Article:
China is to contribute to a new global satellite navigation system being developed by European nations.

The Galileo satellite system will offer a more accurate civilian alternative to the Global Positioning System (GPS), operated by the US military. China will provide 230m Euros ($259m) in funding and will cooperate with technical, manufacturing and market development.

“China will help Galileo to become the major world infrastructure for the growing market for location services,” said Loyola de Palacio, EU transport commissioner.

A new centre that will coordinate co-operation was also announced by the European Commission, the European Space Agency (ESA) and the Chinese Ministry of Science and Technology on Friday. The China-Europe Global Navigation Satellite System Technical Training and Cooperation Center will be located at Beijing University. China has a substantial satellite launch industry and could potentially help launch the Galileo satellites.

One-metre precision

But the project had already drawn heavy criticism from the US Department of Defense, and the involvement of China is unlikely to improve the situation. Some commentators say future Chinese weapons could incorporate the Galileo system.

The US has claimed that Galileo could interfere with the US ability to downgrade the GPS service during military conflicts. European officials say this is unfounded and counter that US opposition is due to the commercial challenge Galileo would present to GPS. Galileo will be precise to within a metre, while the civilian GPS service is accurate to around 10 metres.

The Galileo satellite constellation will consist of 27 operational and three reserve satellites orbiting the Earth at an altitude of 23,600 km. The satellites will be strung along three medium-Earth orbits at 56 degrees inclination to the equator and will provide global coverage. The system should be operational by 2008 and the entire project is expected to cost around 3.2 billion Euros ($3.6 billion).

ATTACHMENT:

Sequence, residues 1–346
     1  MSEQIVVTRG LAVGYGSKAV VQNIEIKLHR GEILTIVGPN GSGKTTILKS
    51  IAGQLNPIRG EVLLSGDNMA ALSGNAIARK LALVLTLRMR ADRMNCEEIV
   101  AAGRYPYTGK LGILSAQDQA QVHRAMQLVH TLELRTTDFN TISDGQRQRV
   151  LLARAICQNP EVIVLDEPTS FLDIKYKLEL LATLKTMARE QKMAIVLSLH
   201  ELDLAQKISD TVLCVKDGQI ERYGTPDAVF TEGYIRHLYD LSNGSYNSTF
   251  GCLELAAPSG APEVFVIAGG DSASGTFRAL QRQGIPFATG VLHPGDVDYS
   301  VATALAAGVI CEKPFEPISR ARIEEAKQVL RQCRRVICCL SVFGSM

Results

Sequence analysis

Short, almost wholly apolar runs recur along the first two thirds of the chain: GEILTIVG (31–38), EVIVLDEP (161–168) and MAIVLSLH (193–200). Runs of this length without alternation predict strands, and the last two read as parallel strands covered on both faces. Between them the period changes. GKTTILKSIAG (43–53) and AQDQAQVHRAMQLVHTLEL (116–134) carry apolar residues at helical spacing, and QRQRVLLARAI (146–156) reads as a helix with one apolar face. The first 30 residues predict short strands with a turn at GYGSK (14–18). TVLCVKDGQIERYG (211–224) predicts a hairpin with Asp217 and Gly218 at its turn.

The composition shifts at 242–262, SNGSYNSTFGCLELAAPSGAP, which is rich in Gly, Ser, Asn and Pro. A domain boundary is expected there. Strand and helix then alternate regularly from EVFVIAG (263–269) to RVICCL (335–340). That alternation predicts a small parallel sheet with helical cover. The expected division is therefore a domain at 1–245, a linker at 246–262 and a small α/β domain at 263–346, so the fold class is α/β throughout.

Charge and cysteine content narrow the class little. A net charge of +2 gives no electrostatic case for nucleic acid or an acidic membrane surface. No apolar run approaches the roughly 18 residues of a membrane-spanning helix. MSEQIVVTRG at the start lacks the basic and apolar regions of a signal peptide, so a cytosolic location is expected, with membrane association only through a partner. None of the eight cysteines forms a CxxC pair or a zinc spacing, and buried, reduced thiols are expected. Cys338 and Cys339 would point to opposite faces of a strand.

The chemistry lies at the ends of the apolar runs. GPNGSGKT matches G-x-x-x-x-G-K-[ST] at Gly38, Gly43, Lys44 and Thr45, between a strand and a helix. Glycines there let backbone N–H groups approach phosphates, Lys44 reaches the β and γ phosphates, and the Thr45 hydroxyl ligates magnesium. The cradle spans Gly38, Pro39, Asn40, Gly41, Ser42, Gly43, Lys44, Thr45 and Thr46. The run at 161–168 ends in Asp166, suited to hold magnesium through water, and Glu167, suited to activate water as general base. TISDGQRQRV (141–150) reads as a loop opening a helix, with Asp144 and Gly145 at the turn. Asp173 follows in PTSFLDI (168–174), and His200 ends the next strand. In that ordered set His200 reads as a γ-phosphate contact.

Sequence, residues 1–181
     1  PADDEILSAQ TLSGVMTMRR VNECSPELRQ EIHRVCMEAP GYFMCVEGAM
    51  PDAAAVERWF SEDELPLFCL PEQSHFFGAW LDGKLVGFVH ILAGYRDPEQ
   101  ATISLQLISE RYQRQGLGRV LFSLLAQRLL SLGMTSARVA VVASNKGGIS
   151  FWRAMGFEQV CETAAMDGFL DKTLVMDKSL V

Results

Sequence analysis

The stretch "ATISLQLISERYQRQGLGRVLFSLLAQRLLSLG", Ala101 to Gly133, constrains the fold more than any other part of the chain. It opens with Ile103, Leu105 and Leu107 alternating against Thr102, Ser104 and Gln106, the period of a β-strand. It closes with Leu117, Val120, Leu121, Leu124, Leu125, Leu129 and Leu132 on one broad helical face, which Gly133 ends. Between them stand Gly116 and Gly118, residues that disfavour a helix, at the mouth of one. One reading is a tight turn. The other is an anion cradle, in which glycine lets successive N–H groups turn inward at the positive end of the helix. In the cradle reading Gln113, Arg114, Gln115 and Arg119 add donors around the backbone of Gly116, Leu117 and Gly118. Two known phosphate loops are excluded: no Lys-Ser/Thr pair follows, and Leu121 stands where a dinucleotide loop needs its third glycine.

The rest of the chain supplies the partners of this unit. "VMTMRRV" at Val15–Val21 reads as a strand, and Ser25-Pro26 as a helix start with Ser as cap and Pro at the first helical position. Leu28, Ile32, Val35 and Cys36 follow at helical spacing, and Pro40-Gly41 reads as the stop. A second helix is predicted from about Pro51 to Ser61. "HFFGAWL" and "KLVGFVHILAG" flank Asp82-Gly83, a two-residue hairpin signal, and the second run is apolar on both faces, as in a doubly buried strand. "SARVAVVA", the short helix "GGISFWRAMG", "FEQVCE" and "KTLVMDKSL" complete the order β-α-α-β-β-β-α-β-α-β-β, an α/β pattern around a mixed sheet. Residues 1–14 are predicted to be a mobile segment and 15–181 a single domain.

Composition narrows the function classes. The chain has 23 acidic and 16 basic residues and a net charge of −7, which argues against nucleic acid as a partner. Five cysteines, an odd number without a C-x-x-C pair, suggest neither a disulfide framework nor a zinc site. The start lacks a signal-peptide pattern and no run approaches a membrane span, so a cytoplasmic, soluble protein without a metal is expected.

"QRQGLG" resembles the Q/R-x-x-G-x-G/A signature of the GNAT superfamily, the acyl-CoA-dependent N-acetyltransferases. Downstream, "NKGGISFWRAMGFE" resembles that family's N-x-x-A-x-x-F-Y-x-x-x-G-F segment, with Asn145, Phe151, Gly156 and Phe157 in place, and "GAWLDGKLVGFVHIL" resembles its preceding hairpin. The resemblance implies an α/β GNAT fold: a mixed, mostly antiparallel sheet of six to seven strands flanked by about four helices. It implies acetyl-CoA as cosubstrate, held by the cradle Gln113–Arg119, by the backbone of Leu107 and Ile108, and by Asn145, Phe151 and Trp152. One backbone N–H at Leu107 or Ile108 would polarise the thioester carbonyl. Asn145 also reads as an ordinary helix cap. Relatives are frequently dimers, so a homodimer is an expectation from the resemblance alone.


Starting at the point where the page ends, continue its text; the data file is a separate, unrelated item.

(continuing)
Wide-band signal

The European Commission has said Galileo will primarily be used for transportation technology, scientific research, land management and disaster monitoring.

Galileo will provide two signals; a standard civilian one and an encrypted, wide-band signal called the Public Regulated Service (PRS). This second signal is designed to withstand localised jamming and will be used by police and military services in Europe. European Commission officials have said China will not be given access to the PRS.

The first Galileo satellite is scheduled to launch late in 2004. Clocks on board the satellites will be synchronised through 20 ground sensors stations, two command centres and 15 uplink stations.

Receivers on the ground will use time signals from the satellites to precisely calculate their location. A “search and rescue” function will also let distress signals be relayed through the constellation of satellites.
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